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Paris and Algeria

When Monet traveled to Paris to visit the Louvre, he witnessed painters copying from the old
masters. Having brought his paints and other tools with him, he would instead go and sit by a
window and paint what he saw.[12] Monet was in Paris for several years and met other young
painters, including douard Manet and others who would become friends and fellow
Impressionists.
After drawing a low ballot number in March 1861, Monet was drafted into the First Regiment of
African Light Cavalry (Chasseurs d'Afrique) in Algeria for a seven-year period of military service.
His prosperous father could have purchased Monet's exemption from conscription but declined to
do so when his son refused to give up painting. While in Algeria Monet did only a few sketches
of casbah scenes, a single landscape, and several portraits of officers, all of which have been
lost. In a Le Temps interview of 1900 however he commented that the light and vivid colours of
North Africa "contained the germ of my future researches"[13] After about a year of garrison duty in
Algiers, Monet contracted typhoid fever and briefly went absent without leave. Following
convalescence, Monet's aunt intervened to get him out of the army if he agreed to complete a
course at an art school. It is possible that the Dutch painter Johan Barthold Jongkind, whom
Monet knew, may have prompted his aunt on this matter.
Disillusioned with the traditional art taught at art schools, in 1862 Monet became a student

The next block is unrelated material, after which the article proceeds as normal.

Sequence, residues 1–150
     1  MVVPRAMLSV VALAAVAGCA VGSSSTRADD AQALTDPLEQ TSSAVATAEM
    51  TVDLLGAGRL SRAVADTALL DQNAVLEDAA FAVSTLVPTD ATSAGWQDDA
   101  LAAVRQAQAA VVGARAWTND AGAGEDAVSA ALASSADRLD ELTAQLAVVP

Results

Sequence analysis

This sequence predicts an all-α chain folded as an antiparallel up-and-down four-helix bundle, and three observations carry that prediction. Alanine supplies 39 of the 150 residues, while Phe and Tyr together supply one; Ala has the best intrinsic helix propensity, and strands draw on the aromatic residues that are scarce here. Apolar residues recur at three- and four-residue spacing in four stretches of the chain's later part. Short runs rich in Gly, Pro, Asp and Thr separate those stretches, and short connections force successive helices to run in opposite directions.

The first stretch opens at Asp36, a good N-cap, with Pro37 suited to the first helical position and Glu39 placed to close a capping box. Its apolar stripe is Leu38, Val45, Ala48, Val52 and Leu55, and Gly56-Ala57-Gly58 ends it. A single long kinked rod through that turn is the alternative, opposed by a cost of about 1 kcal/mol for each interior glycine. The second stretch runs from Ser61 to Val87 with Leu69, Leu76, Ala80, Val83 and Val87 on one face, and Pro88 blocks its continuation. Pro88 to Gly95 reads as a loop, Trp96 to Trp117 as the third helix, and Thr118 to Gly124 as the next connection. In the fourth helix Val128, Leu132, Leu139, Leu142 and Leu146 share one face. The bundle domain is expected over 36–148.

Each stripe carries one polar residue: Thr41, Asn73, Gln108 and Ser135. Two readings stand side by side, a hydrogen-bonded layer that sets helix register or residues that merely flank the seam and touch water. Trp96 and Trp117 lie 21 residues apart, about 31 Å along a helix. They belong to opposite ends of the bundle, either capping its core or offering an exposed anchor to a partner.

of Charles Gleyre in Paris, where he met Pierre-Auguste Renoir, Frdric Bazille and Alfred
Sisley. Together they shared new approaches to art, painting the effects of light en plein air with
broken colour and rapid brushstrokes, in what later came to be known as Impressionism.

Le djeuner sur l'herbe (right section), 18651866, with Gustave Courbet, Frdric Bazille and Camille
Doncieux, first wife of the artist, Muse d'Orsay, Paris[14]

In January 1865 Monet was working on a version of Le djeuner sur l'herbe, aiming to present it
for hanging at the Salon, which had rejected Manet's Le djeuner sur l'herbe two years earlier.
[15]
Monet's painting was very large and could not be completed in time. (It was later cut up, with
parts now in different galleries.) Monet submitted instead a painting of Camille or The Woman in
the Green Dress (La femme la robe verte), one of many works using his future wife, Camille
Doncieux, as his model. Both this painting and a small landscape were hung. [15] The following
year Monet used Camille for his model in Women in the Garden, and On the Bank of the Seine,
Bennecourt in 1868. Camille became pregnant and gave birth to their first child, Jean, in 1867.
[16]
Monet and Camille married on 28 June 1870, just before the outbreak of the Franco-Prussian
War,[17] and, after their excursion to London and Zaandam, they moved to Argenteuil, in
December 1871. During this time Monet painted various works of modern life. He and Camille
lived in poverty for most of this period. Following the successful exhibition of some maritime
paintings, and the winning of a silver medal at Le Havre, Monet's paintings were seized by
creditors, from whom they were bought back by a shipping merchant, Gaudibert, who was also a
patron of Boudin.[15]